Young Guns: Newcastle Jets’ Cortnee Vine

Young Guns: Newcastle Jets’ Cortnee Vine


Despite her tender age, Cortnee Vine has already undergone quite the journey to get to where she is now.

Originally from the northern Brisbane suburb of Redcliffe, the Newcastle Jets attacker has plied her trade in her native Brisbane, in Newcastle, Sydney and in Melbourne in her short career; running out in the W-League for the Roar and Jets and in NPL competitions for the likes of Sydney University SFC and Heidelberg United.

On top of these achievements in clubland, the 20-year-old has made her mark on the international stage, pulling on the green and gold shirt at both an U17 and U20 level.

Not bad for someone that spent a large period of her formative footballing years unaware of the W-League’s existence.

“I actually played with the boys until I was 15,” Vine laughs as she recalls her footballing origins.

“I was playing BPL boys with my local club, Peninsula Power. I was there for about three or four years I think, just playing in the top league with the boys.

“The only reason I actually ended up going to the girls league was because my coach told me if I don’t go to the girls I won’t get picked anywhere, by any teams.

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“I actually thought I would make the A-League, I didn’t know there was a W-League until I was in the QAS squad for Brisbane Roar and I went from there.

“I just played with the boys my whole life really, growing up.

“I didn’t really know about girls’ teams, I just really enjoyed playing with the boys. I just wanted to play with my brother so I just kind of went with the whole boys’ team thing.”

With a W-League contract now in hand (and firmly aware of the existence of the pathways available to girls in Australia) Vine has recently begun to serve as a mentor to the next generation of talented youngsters; taking up an ambassador position with Roselea Football Club in Sydney’s northwest.

Vine in action against Melbourne City in the 2017-18 season

It’s a role that the Vine relishes, using the experiences gained on an unorthodox journey to the W-League to impart much-needed wisdom on the stars of tomorrow.

“I definitely think its important for the young girls to know there’s a process,” Vine told

“There is a way to get to the W-League and it doesn’t have to be the same way as everyone else.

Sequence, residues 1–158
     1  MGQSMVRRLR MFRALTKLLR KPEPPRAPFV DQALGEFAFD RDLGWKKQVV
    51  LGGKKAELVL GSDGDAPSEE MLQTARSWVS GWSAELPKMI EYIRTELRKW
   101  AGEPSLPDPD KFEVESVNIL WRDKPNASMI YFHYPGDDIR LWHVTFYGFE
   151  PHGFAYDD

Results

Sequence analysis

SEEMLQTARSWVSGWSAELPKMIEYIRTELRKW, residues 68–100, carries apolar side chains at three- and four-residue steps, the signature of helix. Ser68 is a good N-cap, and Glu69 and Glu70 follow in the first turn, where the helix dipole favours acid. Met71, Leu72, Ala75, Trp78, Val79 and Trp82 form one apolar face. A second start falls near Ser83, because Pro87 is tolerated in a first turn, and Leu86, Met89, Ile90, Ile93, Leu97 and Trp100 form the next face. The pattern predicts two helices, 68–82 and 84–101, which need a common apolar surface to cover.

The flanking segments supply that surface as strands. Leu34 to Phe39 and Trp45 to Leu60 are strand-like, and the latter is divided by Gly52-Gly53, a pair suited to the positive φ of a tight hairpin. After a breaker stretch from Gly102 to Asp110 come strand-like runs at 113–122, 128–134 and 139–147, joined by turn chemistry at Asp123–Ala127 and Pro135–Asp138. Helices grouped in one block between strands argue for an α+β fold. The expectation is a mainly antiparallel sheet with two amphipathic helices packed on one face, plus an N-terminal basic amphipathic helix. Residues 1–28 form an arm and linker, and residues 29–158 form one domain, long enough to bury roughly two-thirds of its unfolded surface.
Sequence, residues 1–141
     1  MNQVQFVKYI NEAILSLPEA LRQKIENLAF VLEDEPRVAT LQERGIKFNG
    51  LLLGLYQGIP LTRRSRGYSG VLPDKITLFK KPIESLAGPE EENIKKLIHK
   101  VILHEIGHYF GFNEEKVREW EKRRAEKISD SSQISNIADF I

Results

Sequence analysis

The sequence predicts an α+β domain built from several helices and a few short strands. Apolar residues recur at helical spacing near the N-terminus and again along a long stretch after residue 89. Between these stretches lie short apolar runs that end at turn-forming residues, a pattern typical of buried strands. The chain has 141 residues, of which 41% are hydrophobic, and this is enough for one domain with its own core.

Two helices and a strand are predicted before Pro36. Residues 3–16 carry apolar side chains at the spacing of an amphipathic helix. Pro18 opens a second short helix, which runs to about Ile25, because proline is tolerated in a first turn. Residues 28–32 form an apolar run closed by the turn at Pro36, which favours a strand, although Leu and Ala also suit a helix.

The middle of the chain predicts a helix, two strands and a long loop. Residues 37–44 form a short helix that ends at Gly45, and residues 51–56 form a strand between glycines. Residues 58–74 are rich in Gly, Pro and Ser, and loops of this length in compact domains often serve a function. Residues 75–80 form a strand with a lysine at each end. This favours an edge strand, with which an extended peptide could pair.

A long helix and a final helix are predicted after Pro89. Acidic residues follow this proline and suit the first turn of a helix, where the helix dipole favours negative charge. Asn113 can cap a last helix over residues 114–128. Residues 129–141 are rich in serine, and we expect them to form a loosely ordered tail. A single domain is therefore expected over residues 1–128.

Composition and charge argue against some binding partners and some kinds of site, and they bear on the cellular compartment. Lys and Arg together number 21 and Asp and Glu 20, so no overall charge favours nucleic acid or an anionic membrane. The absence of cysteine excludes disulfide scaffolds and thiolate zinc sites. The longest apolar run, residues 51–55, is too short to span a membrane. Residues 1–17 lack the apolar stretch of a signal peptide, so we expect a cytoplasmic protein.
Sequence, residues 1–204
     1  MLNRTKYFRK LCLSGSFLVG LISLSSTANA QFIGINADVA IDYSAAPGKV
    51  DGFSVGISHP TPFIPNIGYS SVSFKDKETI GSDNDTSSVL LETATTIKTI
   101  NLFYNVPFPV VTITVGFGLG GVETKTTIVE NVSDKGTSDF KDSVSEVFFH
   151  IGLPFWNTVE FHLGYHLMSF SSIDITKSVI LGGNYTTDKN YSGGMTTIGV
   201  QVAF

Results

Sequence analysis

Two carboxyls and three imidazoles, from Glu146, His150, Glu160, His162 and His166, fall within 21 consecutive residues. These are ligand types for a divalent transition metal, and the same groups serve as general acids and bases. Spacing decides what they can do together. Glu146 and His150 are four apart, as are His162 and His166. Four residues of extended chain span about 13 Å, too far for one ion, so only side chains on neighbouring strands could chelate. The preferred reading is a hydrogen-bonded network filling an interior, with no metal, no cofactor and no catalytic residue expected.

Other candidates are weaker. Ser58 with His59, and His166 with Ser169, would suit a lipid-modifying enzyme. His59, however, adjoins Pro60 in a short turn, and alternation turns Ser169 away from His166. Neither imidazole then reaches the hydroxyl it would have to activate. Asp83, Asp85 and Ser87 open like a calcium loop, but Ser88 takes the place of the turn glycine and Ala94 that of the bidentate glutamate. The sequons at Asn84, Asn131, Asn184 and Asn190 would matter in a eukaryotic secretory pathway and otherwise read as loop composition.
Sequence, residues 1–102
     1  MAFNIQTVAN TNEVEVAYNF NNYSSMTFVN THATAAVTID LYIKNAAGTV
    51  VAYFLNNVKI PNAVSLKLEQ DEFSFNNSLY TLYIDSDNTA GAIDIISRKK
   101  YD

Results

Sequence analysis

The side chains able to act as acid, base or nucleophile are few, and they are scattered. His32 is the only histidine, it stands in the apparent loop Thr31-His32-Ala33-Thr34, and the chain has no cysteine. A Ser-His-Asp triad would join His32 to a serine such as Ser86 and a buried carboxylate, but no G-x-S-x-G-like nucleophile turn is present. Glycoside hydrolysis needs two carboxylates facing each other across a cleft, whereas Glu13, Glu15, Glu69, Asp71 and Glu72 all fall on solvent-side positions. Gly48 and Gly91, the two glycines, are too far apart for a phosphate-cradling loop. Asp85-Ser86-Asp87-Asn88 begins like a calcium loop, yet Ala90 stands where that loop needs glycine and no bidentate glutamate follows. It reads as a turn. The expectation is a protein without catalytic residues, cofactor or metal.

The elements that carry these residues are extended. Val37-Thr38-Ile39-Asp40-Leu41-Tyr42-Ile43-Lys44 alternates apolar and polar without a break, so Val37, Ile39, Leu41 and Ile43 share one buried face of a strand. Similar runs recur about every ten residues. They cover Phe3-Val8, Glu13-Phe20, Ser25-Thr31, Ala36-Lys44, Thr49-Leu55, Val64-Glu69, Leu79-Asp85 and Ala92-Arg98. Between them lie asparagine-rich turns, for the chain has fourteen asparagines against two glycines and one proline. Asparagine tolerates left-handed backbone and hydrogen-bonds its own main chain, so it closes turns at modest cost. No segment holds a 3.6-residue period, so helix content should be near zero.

“My way was completely different from a lot of girls.

“A lot of my friends, they played with the girls for a while and got picked from that, but my life was different, so I just like to tell the younger girls about it.

“I hope they want to make the W-League like I did… when I knew about… once I knew about it.

“I really enjoyed being Roselea ambassador and I feel like I got a lot out of it and I hope the girls got a lot out of it as well.

“I took some clinics, I did a little bit of coaching with the girls, I participated in some of their training, having a kick about with the girls. I was more of a mentor for them.

“They could ask me questions about anything and I was there to listen and help.

“We had a night for the parents as well and they asked me questions about where I got to where I am and got to know me a bit, so it was more a mentor role I think, mentoring those girls.”

Vine will be returning for her second year with the Jets in 2018-19, having made 11 appearances in her first season with the Hunter based side after making the switch from the Roar prior to the 2017-18 season.

Primarily used an impact substitute, Vine was part of a Jets squad that finished an impressive third on the W-League table, eventually going down 3-2 to Sydney FC in extra time in the semi-finals after Tara Andrews dramatically had brought the Jets level in the 92nd minute of regulation.

Looking ahead to the upcoming campaign, Vine is keen to make a mark that will resonate.

“I really want to have a good W-League myself,” she said.

“I don’t really feel like I’ve had a killer W-League season since I’ve been in it.

“That’s my individual goal this season: enjoy my season, enjoy my football, hopefully, play really well and get some game time.

“I want to be a starting player this year so hopefully I can push for that.

“As a team, we want to win it. I think we came pretty close last year and were a bit unlucky but I’m still proud of the team and hopefully, we’ll go one better this year.”

Vine spent the most recent W-League offseason with NPLW NSW side Sydney University SFC, terrorising opposing defences as she scored 22 goals in just 18 matches and helped propel her all the way to an ultimately unsuccessful grand final.

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It’s a league that Vine – who moved to NSW from Brisbane as an 18-year-old to continue the pursuit of her footballing dreams – enjoys immensely.

“When I go to the NPL I want to go back and enjoy my football,” she explains.

Vine enters her second year with the Jets in 2018-19

“As long as I’m enjoying it – I’m obviously trying to work hard and improve myself all the time – but I definitely look at NPL as trying new things.

“(I’m) trying to get as much game time as I can, because in the W-League I haven’t been starting, so NPL is a good way to get my 90 minutes up and learn some stuff and score some goals and be ready for W-League”

Asked if she would one day like to spend her offseason in North America or Europe instead of the NPLW, Vine then offers a refreshingly candid answer.

“I’m going with it at the moment so if something pops up I would definitely consider it,” she explains.

“But I’m not really searching for it yet, I’m still trying to develop myself in Australia and make a name for myself here before I go somewhere else.

“But I definitely want to go see and experience like an NWSL or even play in Sweden or Norway.

“Anywhere like that, so I can gain more experience and learn a different style of gameplay, I’d definitely not shut it out.”